MacKinnon, Catharine A.
MacKINNON, Catharine A.
Daughter of George E. and Elizabeth V. Davis MacKinnon
Catharine A. MacKinnon, a controversial figure on the contemporary legal and feminist scene, has spent her career fighting sexual and political injustice against women. While no stranger to the machinations of public service with a judge, congressman, and presidential campaign advisor for a father, MacKinnon has stepped outside what many consider the boundaries of legal jurisdiction by addressing "moral" issues such as sexual harassment and pornography. Following in the footsteps of her mother and grandmother, MacKinnon attended Smith College, from which she graduated magna cum laude with a B.A. in government in 1969. She went on to Yale University, where she received her J.D. and a Ph.D. in political science in 1977 and 1987, respectively. Deeply involved in the social consciousness and activism of the 1970s, she was particularly drawn to the feminist movement. From here she became the leading figure in identifying, defining, and working to eliminate sanctioned sexual harassment in the work place. With the 1980s came a new focus for MacKinnon, and she centered her energy on drafting and supporting anti-pornography legislation. She has held visiting professorships at numerous prestigious schools, written several books, and currently holds a professorship at the University of Michigan Law School, where she has taught since 1989.
Called by one critic "the law's most prominent legal theorist," MacKinnon became involved with sexual harassment in 1974 after hearing of one woman's fruitless battle against the heretofore unquestioned and legally unchallenged sexual harassment she faced in the workplace. MacKinnon began a crusade to have sexual harassment redefined as a breed of sexual discrimination. From here she wrote her first book, Sexual Harassment of Working Women: A Case in Sexual Discrimination (1979). It was not until MacKinnon helped open the eyes of both the American legal system and the American public to the true nature of this injustice that sexual harassment was recognized as discrimination against the female body. When in 1986 the U.S. Supreme Court heard its first sexual harassment case, MacKinnon was present to help represent the prosecution. The two most important changes brought about by MacKinnon's efforts were the inclusion of a "hostile environment" to the legal definition of sexual harassment, and as a corollary, that the victim was not responsible for demonstrating severe psychological damage as a result of the discrimination. Thus no longer was sex in return for a job the sole definition, but any environment that subjected a woman to sexual advances, overtones, or otherwise inappropriate behavior of a sexual nature fell under the sexual harassment law.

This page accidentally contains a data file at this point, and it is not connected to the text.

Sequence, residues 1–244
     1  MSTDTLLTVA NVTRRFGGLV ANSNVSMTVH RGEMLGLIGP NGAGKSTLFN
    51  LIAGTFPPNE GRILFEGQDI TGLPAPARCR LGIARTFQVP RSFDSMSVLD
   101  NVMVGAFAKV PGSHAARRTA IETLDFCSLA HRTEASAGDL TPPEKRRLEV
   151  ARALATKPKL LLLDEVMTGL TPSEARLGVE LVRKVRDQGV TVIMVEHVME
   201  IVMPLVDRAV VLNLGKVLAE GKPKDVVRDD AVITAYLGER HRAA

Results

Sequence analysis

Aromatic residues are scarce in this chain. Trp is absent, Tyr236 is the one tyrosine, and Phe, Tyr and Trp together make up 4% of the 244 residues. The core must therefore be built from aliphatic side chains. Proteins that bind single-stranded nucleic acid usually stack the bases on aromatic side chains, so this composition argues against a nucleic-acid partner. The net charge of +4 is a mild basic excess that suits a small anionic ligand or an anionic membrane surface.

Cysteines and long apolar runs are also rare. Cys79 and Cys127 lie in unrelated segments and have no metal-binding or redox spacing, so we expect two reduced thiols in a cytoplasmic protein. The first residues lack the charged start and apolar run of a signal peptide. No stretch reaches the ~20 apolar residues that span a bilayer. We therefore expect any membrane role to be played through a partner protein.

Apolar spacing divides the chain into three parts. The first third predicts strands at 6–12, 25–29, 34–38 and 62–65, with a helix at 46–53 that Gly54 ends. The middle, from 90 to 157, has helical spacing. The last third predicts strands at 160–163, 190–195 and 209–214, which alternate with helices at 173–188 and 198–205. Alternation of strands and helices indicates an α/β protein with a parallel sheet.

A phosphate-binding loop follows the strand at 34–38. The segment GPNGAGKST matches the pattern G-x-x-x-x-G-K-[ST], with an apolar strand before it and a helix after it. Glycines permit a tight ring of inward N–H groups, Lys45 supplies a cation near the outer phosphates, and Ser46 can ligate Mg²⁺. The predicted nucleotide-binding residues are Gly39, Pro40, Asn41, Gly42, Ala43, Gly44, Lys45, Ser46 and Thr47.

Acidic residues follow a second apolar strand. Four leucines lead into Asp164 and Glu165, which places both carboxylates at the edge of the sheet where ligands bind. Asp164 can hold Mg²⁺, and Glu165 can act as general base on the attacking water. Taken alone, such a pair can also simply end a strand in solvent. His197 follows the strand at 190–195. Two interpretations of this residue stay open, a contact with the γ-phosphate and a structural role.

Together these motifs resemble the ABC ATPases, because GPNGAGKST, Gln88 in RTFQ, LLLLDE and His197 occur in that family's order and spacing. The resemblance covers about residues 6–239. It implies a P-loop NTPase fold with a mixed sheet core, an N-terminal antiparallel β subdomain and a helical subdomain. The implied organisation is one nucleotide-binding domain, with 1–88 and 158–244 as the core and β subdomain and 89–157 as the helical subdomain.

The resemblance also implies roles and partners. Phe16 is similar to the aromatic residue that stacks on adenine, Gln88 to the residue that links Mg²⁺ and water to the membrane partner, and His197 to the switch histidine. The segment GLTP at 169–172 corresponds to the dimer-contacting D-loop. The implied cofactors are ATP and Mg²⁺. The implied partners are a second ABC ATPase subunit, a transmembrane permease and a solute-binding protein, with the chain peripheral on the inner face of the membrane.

In the early 1980s, MacKinnon joined the feminist anti-pornography movement. Once again she identified a social phenomenon, the selling and buying of misogynist pornography, as sexually discriminating against women. This battle has thus far proved to be a much more difficult one for MacKinnon, both legally and critically. Legislation she codrafted which sought to provide women with the legal right to sue members of the pornography industry has met with resistance and hesitation. Where the sexual advances of a male employee towards a female employee were more tangibly identifiable as discriminatory, the fight against pornography touches on issues of free speech and the First Amendment. Few legal or political activists have been willing to forgo these rights in favor of what many consider a moral stance. MacKinnon has countered these claims by stating "Pornography isn't protected by the First Amendment any more than sexual harassment is. It's not a question of free speech or ideas. Pornography is a form of action, requiring the submission of women…the more pornography men see, the more they enjoy it and the less sensitive they become to violence against women. A rape stops being a rape, the woman stops being a person." Regardless of her adamant arguments, MacKinnon has not enjoyed the same level of support from feminist groups as with her antisexual harassment campaign. Nor has she received critical endorsement from reviewers and other scholars.
Nevertheless, MacKinnon has made her revolutionary voice heard in late 20th-century America. She has helped create laws that aim at freeing the workplace of sexual discrimination in the form of harassment, and continues to fight to free culture from images of objectified and violated female bodies. As a lawyer, teacher, and feminist she brings an important perspective to contemporary women's studies, as well as legal studies. Her publications and public speaking challenge complacency as she fights against the historical and cultural oppressors of women.
Feminism Unmodified: Discourses on Life and Law (1987). Pornography and Civil Rights: A New Day for Women's Equality (coauthored by A. Dworkin, 1988). Toward a Feminist Theory of the State (1989). Only Words (1993).
CA (1991). Oxford Companion to Women's Writing in the United States (1995). WWAW (1993-94). CBY (1994).
New York (22 March 1993). NYT (28 Feb. 1992). Nation (30 May 1987).
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